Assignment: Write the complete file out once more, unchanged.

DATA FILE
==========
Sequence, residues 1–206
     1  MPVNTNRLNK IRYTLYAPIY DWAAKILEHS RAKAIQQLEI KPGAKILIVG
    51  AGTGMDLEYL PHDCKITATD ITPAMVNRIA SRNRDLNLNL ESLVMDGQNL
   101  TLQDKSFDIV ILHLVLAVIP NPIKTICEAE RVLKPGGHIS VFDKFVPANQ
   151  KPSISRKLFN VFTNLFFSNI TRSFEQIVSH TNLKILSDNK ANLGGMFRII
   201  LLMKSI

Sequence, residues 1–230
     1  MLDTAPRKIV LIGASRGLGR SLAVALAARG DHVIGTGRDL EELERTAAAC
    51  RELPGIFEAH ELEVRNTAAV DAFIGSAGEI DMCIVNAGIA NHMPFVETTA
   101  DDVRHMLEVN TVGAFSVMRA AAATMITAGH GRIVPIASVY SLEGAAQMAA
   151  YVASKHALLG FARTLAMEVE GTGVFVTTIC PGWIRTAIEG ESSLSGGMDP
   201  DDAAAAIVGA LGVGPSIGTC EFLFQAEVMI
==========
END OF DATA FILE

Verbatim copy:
Sequence, residues 1–206
     1  MPVNTNRLNK IRYTLYAPIY DWAAKILEHS RAKAIQQLEI KPGAKILIVG
    51  AGTGMDLEYL PHDCKITATD ITPAMVNRIA SRNRDLNLNL ESLVMDGQNL
   101  TLQDKSFDIV ILHLVLAVIP NPIKTICEAE RVLKPGGHIS VFDKFVPANQ
   151  KPSISRKLFN VFTNLFFSNI TRSFEQIVSH TNLKILSDNK ANLGGMFRII
   201  LLMKSI

Sequence, residues 1–230
     1  MLDTAPRKIV LIGASRGLGR SLAVALAARG DHVIGTGRDL EELERTAAAC
    51  RELPGIFEAH ELEVRNTAAV DAFIGSAGEI DMCIVNAGIA NHMPFVETTA
   101  DDVRHMLEVN TVGAFSVMRA AAATMITAGH GRIVPIASVY SLEGAAQMAA
   151  YVASKHALLG FARTLAMEVE GTGVFVTTIC PGWIRTAIEG ESSLSGGMDP
   201  DDAAAAIVGA LGVGPSIGTC EFLFQAEVMI